Tips to Get Started
Create a login to have access to the Teacher side of the curriculum.
Then hover over the “Teachers” button at the top of any page, and select a lesson from the drop-down menu.
On the Overview page, check out the Lesson Introduction page to see the lesson’s organizing questions and objectives.
Go back to the Overview page and click on the Materials and Teacher Preparation page to see what equipment, materials, and instructions you’ll need for the different components of that lesson. Also note that you can use this page to print handouts as either a PDF or Google Doc.
Go back to the Overview page and browse through the Close-Up readings, Activities, Videos, and Assignments to select what you’d like to teach your students.
Defining Civic Engagement
Civically Engaged Students
Civically Engaged Americans
Reflecting on Civic Engagement
In the classroom, you can direct students to the web page you’d like them to visit or project the pages on a screen for everyone to see at the same time.
Get the most out of this curriculum with these simple tips.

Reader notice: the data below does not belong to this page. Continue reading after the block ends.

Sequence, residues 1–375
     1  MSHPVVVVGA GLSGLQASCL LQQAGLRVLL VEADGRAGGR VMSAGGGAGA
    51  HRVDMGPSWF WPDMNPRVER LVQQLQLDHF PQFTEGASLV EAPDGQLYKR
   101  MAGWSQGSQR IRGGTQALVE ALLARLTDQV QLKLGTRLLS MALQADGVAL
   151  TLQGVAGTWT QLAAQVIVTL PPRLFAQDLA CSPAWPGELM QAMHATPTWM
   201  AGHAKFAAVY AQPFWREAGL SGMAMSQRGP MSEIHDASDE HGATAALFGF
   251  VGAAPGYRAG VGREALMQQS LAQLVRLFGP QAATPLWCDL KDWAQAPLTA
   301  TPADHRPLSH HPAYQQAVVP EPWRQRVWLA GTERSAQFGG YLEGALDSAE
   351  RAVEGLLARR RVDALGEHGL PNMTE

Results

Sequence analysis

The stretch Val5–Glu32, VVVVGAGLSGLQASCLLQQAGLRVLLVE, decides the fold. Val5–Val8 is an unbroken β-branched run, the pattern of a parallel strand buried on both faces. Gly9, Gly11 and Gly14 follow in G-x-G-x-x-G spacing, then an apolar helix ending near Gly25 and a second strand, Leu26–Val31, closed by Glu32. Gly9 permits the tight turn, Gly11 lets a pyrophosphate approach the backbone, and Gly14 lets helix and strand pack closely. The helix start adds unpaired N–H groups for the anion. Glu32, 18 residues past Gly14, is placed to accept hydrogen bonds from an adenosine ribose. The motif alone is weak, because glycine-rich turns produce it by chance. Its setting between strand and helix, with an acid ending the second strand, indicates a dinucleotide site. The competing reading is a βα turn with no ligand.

Each of the six thematic modules blends readings, primary source material, images, videos, activities, and assignments.
Each of the lessons are stand-alone so that teachers may choose to use as many or few as they like.
Each lesson has a separate Teacher and Student version; the Teacher version can only be accessed with a login and has additional notes and instruction only visible to teachers. Students do not need to login to access the Student version.
Although we think each lesson is important and valuable, there are a few we’d like to spotlight:
In Civil Liberties & Equity, go to the Day 2 video What Does It Mean to Be a Young Black Man in America? We organized a panel of 4 college-age Black men to talk candidly about the issues they face and what they want people to know about them.